I've been serving in the United States Navy for 17 years, and after moving my family around the world 4 times, I look forward to having a cozy place to enjoy with friends. The need for a well stocked "man cave" is what inspired the creation of my 48" tall, 28" deep and 62" deep centerpiece.
With an undulating impact and subsequent rise and fall of the hull into and out of sight in the rear view mirror, two thoughts flashed to mind: the sloop Kaitlin was not to sail at the 38th Annual Port Townsend Wooden Boat Festival, and that a wooden boat is infinitely repairable. The worst case scenario of boat trailering had just occurred, a rear‐end car collision into a stopped trailered boat. The car's impact and continuing movement forward had, among other events, forced the small transom mounted outboard inward toward and under the hull, explosively rupturing the epoxy laminated plywood transom, leaving both the mount and attached outboard motor separated and hanging on a remaining splinter of wood. Where the motor mount had once been attached was now a jagged edged rectangular hole large enough to pass a soccer ball through.
Wouldn’t it be nice if there were a way to eliminate the chance of measuring and mixing errors, maximize the resin strength by eliminating air, always use freshly mixed material, enjoy top of the line products, save time, eliminate waste and have more fun? There is such a way. It’s called using dual cartridges. To use one you simply drop it into a caulking gun, prime it and screw on the tip to dispense thoroughly mixed and precisely measured material free of air. You put the mixed material right where it is needed with little waste. Using dual cartridges is fun and is the quick, confident way to kick back and watch things cure!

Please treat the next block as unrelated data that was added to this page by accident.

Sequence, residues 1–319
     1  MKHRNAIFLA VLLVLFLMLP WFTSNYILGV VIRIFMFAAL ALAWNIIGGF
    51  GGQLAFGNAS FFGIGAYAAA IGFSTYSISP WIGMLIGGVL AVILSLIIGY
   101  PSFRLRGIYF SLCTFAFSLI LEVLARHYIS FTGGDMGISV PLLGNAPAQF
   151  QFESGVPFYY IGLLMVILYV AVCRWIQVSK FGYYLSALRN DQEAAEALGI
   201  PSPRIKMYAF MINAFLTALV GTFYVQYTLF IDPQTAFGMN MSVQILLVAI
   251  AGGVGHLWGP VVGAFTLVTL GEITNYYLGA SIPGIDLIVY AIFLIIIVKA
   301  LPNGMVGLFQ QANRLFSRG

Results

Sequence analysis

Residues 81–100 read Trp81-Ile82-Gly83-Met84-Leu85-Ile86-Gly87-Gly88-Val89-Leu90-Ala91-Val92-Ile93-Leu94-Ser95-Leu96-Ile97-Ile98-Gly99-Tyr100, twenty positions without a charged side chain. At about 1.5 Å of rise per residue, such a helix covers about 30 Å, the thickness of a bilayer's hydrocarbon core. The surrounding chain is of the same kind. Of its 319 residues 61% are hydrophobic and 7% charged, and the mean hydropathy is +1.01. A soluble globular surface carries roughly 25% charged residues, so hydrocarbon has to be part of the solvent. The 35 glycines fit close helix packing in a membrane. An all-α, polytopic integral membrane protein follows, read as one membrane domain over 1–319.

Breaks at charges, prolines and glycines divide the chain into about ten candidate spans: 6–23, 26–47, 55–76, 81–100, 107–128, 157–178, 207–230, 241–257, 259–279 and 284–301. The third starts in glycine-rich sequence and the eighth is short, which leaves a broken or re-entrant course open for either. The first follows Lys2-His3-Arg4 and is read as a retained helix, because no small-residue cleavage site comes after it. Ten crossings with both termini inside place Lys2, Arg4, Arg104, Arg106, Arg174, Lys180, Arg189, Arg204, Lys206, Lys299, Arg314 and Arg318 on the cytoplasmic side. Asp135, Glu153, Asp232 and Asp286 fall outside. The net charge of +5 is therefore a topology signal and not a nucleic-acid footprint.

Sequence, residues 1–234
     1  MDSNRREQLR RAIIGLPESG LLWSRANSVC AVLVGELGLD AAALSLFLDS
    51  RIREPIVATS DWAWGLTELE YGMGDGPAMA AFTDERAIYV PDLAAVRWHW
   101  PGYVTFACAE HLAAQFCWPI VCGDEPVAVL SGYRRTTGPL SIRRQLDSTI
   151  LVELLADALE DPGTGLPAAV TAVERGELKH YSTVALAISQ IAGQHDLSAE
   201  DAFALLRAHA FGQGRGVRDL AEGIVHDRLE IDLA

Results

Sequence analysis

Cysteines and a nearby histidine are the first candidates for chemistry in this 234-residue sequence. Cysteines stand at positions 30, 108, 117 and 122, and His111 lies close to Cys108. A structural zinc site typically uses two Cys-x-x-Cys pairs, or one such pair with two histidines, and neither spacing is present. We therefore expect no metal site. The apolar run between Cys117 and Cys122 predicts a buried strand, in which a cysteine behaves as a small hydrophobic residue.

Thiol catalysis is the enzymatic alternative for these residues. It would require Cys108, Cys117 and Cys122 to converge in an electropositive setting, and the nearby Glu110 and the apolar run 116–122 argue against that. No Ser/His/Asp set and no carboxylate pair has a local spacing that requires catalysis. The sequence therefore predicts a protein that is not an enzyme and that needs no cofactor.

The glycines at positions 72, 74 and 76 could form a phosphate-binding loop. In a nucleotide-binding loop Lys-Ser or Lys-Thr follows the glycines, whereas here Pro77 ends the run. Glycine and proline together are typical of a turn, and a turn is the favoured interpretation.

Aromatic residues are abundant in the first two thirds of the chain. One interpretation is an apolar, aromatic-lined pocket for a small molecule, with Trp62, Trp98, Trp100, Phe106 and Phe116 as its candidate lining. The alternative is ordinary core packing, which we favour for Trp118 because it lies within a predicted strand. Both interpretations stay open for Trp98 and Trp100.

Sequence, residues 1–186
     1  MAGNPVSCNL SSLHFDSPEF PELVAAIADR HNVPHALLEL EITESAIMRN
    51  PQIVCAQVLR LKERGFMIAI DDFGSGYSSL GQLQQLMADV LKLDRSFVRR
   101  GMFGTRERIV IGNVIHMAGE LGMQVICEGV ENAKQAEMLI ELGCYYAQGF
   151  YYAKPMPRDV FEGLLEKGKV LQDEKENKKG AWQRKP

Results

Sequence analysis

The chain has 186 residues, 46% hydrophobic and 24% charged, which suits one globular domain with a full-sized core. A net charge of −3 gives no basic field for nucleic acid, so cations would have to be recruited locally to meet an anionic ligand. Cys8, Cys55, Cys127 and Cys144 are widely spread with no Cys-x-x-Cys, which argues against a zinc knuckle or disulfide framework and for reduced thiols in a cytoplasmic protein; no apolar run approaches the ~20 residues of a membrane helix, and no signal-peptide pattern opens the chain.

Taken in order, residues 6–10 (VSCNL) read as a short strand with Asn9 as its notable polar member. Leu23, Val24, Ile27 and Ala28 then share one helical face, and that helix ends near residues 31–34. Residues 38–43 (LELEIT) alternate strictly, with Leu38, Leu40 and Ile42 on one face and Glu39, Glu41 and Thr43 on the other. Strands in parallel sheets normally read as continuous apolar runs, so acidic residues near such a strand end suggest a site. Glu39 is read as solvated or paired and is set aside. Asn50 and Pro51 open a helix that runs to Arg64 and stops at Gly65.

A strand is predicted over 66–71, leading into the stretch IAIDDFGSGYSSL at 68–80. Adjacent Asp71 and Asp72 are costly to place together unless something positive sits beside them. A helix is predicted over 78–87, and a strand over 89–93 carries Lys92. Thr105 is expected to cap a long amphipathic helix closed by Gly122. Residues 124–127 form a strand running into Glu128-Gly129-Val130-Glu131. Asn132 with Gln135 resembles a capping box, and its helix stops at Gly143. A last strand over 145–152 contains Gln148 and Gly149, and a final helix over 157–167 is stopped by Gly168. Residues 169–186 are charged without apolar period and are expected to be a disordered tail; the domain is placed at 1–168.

It is with extreme gratitude and pleasure that I offer my huge thanks to Phil Riise of Seaview Boatyard and the staff of System Three Resins, Inc. for their assistance in helping to repair my 1947 Cataract boat.
Our Epoxy Paste Pigments are pure, dry, colored, pigments dispersed in in an epoxy resin blend. They are pourable, easily measured, and contain no solvents, and may be blended with one another to produce additional colors. Since they are dispersed in an epoxy resin blend, they react into the system and do not change its cured properties. The proper way to use these pigments is to add them to the resin (Part A) side and then add the hardener(Part B) at the correct ratio for the epoxy system being used.
This is the Super "R" hot tub from Maine Cedar Hot Tubs, Inc. The outer shell of these tubs is constructed from an oil finished Western Red Cedar and accented with brushed stainless steel bands to mirror the appearance of the traditional cedar or redwood tub. Maine Cedar Hot Tubs, Inc. use System Three Silvertip Epoxy to cold-mould and overlay the cap rail, base rail, and inner shell of the tub.
I like to make durable surfaces using resin and small pieces of salvaged metal. I learned aboutMirrorCoat(tm) from Darin Montgomery, furniture designer-builder and owner of Urbancase. Nick Gucker at System Three Resins was very helpful, by phone and email, when I had technical questions about its use.
Send us your stories of epoxy projects using System Three products. We may publish them in this area. (please attach photos to your e-mail - rgb jpeg format no larger than 500k) Be sure to come back as we will continuously update this area with stories from around the world!